In our newest Librarian Spotlight, Linda Hasman, shares her reproducibility initiatives with any librarian ready to make an impact on the next generation of scientists. See what her plans can do for your patrons!
Linda Hasman is leading the University of Rochester Medical Center community to increased reproducibility with focused education, data management best practices, and easy access to resources. For this work, she recently earned JoVE’s Librarian Travel Award and attended the MLA’17 conference.
We sat down with Linda to learn about the success of her reproducibility initiatives and find out what advice she has for other medical librarians beginning to get involved in the reproducibility crisis.
Why do you think librarians are uniquely positioned to help raise awareness about the scientific reproducibility crisis?
Librarians can play an important role to help mitigate the reproducibility crisis. We have first-hand knowledge of the tools that can be used by scientists, such a protocol resources in our collection and we how to find them. Another aspect key to increasing reproducibility is documenting the steps our students and faculty use in their scientific process and keeping that process open. What librarians specifically bring to the table is a long history in the principles of openness. As a professional culture, our instinct is to share and provide information. I think, also, as a profession we can help with data management and organization. We can help researchers with file maintenance and organization. Lastly, we can help scientists find appropriate repositories for their data.
Why did you decide to get personally involved in addressing the reproducibility crisis?
I came by this by chance, actually. I was preparing lesson plans for a graduate level course called Mastering Scientific Information. I knew that I wanted to include a session on protocols. It was then that I began to learn about the reproducibility crisis and thinking about ways that I could make an impact. It occurred to me that we really need to start with the students while they’re first engaging in their programs, even before they’re working in labs.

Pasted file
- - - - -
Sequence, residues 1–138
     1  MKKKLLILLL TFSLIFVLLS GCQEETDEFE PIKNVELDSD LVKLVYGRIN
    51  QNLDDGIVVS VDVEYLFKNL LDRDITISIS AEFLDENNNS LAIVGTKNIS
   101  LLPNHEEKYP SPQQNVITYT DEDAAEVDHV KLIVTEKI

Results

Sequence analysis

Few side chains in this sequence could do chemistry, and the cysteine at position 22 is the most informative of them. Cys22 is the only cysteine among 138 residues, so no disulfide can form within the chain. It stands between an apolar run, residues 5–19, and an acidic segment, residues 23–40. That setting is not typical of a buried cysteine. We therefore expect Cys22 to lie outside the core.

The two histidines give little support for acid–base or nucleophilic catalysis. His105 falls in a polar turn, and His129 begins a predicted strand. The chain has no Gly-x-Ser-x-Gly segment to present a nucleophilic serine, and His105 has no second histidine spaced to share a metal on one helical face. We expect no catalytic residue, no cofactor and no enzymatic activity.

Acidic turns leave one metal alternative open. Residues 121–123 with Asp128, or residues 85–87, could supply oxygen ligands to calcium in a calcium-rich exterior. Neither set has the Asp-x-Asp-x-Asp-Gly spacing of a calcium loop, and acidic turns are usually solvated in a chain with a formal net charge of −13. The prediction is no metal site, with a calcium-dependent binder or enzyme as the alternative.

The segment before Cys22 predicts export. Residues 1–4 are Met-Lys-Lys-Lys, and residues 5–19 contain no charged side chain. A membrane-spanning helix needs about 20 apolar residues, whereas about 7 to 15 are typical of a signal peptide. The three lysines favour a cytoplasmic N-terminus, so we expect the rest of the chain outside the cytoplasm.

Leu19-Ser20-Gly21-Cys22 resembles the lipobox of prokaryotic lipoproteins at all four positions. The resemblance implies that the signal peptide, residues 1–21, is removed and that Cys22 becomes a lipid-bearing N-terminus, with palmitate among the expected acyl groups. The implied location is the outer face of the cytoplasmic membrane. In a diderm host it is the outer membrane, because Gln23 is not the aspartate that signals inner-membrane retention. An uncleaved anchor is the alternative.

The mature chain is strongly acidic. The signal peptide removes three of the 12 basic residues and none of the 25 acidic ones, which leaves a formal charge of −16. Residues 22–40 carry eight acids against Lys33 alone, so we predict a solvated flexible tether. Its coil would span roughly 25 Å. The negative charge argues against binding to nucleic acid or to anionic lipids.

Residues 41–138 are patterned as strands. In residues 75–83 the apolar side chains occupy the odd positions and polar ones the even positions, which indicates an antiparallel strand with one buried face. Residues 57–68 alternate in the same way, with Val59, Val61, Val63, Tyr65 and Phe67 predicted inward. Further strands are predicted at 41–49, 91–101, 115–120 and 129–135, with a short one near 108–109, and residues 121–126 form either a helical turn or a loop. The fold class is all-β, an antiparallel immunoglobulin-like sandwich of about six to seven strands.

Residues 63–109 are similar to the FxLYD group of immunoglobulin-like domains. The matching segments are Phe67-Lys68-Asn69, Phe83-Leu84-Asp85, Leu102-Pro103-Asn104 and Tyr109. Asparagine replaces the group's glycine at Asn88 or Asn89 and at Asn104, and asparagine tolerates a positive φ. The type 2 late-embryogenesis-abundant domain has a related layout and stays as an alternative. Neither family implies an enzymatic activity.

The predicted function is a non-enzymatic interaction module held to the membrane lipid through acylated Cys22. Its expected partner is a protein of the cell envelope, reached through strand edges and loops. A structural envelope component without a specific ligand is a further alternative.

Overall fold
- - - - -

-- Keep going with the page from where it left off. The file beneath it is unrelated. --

Could you summarize your reproducibility initiatives in a couple sentences?
We’ve taken a multi-pronged approach. We talk about reproducibility when we teach Mastering Scientific Information the graduate students. Our hope is to teach them these concepts early in their careers and they will carry them forward. We have created a libguide to keep all of our protocols and methods in one place. Lastly, we have a data management libguide that researchers can refer to for concepts such as file maintenance, naming conventions and data repositories.
What has been the reaction from your peers and institution to your project?
I think they were surprised that there is a reproducibility crisis! When we first introduced this concept, they were a little taken aback. This wasn’t something they were aware of, so I think that education and knowledge was a great first step.
How has your message resonated with your patrons and other relevant audiences?
People have been very receptive, especially our primary audience of graduate students. When I posted our first data management class in our internal newsletter I kept the class size at 20 people and it was filled in half a day. We had to initiate a waitlist and find a bigger room!
What role do you see JoVE playing in helping solve the scientific reproducibility crisis?
JoVE can play a role by continuing to create high-quality visualized experiments. I think that video publishing has tremendous potential to decrease the reproducibility crisis, and that just goes back to basic learning styles. Is it easier to watch something, or is it easier to read something? I think the potential is almost limitless!
What message would you have for other librarians that might be interested in following your lead in raising awareness on research reproducibility?
My message is that there is a place for librarians to stake a claim reproducibility crisis. Librarians can act as agents of change by doing even the smallest things, like creating Libguides to curate tools and resources. For librarians who are just beginning to learn about the reproducibility crisis, I say just do it. Be fearless.
Working to advance research reproducibility at your institution? Apply for our Librarian Travel Award for your chance to attend the Charleston Conference in November 2017. Deadline for submissions is August 18, 2017.